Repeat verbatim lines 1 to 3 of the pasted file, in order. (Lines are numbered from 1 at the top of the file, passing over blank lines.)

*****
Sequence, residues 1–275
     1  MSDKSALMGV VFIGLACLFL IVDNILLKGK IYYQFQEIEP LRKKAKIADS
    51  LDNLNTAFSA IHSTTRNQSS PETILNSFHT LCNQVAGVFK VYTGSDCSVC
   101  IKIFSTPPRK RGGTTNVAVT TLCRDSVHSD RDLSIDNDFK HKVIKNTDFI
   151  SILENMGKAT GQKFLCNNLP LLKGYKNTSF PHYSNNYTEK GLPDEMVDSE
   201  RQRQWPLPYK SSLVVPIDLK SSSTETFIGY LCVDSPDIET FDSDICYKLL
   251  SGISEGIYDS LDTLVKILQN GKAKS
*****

Sequence, residues 1–275
     1  MSDKSALMGV VFIGLACLFL IVDNILLKGK IYYQFQEIEP LRKKAKIADS
    51  LDNLNTAFSA IHSTTRNQSS PETILNSFHT LCNQVAGVFK VYTGSDCSVC